ICRC Launches Billion-Dollar Appeal for 2010
ICRC Launches Billion-Dollar Appeal for 2010

The International Committee of the Red Cross says its 10 largest operations for 2010 will be the same as those this year, with one exception. The civil war in Sri Lanka has ended, but has been replaced by the conflict in Yemen. 

The ICRC says Afghanistan is projected to become its biggest humanitarian operation next year, followed by Iraq and Sudan. The other big operations are in South Asia, eastern Africa and the Middle East.

ICRC President Jakob Kellenberger says next year's expenditure would remain virtually unchanged from 2009. But he notes spending on medical activities would increase by $12 million or by seven percent. 

"If you look at our medical expenditure worldwide, the majority would still go into supporting hospital structures and health posts." said Kellenberger. "But, it is true that we have re-entered the area of handling ourselves, of managing ourselves, hospitals when we feel that circumstances do require it."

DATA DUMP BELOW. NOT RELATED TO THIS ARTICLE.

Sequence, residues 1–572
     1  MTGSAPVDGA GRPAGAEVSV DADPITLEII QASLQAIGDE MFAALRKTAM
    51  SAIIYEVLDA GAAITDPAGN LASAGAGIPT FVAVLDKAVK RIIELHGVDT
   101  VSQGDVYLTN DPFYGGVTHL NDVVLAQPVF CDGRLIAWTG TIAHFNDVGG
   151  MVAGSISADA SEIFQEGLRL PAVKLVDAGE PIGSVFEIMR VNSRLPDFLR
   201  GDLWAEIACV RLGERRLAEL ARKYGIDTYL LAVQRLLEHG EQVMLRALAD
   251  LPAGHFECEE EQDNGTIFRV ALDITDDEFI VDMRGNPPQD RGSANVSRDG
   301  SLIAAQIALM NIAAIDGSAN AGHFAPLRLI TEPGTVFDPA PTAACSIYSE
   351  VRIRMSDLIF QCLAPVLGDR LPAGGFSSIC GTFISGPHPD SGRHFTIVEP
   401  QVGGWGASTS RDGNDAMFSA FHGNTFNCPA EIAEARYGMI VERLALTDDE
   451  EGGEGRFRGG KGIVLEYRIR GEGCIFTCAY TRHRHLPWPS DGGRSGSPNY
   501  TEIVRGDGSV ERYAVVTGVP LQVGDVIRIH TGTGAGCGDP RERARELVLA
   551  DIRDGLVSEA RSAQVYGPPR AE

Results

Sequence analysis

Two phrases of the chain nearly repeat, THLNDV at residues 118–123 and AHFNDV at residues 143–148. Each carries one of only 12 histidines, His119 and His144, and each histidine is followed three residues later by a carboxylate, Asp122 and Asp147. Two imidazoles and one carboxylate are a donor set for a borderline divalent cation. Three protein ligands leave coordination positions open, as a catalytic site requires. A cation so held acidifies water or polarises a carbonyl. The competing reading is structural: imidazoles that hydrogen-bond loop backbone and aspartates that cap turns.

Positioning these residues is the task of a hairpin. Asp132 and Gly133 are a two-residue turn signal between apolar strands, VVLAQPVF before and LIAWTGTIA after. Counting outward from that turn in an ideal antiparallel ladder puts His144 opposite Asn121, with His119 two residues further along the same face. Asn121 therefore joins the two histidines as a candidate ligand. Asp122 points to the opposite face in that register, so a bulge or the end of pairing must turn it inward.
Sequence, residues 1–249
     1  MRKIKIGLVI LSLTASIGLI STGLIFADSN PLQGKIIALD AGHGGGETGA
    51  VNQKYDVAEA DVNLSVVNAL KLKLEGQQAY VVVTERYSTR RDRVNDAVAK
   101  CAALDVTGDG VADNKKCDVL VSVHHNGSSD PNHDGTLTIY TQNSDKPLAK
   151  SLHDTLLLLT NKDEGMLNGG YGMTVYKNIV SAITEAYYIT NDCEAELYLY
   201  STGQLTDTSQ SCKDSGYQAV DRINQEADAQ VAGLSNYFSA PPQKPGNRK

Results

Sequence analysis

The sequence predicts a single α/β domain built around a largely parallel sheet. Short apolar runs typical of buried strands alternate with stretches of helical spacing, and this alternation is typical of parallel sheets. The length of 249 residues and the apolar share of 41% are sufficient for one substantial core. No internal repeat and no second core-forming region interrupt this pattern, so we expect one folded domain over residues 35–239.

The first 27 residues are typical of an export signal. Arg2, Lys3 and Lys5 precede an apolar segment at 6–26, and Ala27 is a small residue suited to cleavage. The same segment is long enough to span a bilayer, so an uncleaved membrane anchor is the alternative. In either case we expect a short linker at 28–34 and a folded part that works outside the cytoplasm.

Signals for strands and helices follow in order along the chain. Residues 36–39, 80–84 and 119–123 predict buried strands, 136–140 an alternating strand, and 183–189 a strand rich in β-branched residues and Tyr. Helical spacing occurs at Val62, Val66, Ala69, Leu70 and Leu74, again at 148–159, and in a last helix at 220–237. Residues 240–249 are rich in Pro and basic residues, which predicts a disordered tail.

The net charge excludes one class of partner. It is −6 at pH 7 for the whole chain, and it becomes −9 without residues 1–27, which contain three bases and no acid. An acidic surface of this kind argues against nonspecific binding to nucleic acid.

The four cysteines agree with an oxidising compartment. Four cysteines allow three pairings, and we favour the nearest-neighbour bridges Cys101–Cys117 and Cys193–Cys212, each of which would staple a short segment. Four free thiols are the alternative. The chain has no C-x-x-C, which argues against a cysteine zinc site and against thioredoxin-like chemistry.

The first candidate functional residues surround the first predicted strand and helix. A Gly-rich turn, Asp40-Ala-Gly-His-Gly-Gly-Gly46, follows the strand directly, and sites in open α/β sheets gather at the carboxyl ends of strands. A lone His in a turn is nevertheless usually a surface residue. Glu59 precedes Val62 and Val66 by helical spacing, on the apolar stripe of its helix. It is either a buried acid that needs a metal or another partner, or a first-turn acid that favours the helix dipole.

Kellenberger says field hospitals will be expanded in Pakistan, and access to primary health care and first aid improved. He says more money will go to support limb-fitting centers.

"In Afghanistan, the ICRC is almost like the ministry for the handicapped persons. Our six orthopedic centers, they have about 86,000 patients.  So, that gives you just an idea of what assistance means in the orthopedic field, just with regard to one context like Afghanistan." 

Kellenberger says most assistance goes toward economic security in providing food, seeds and fertilizer to destitute people worldwide. He says one of the largest assistance programs is in Somalia.

"Imagine, at present we are assisting in Somalia, together with the Somali Red Crescent, more than 800,000 internally displaced people. So, in the Somali context, for example, you have large needs from the budget line from the assistance program of economic security." 

Kellenberger says more people will require assistance because of the global economic crisis and the agency most likely will need to launch additional appeals next year.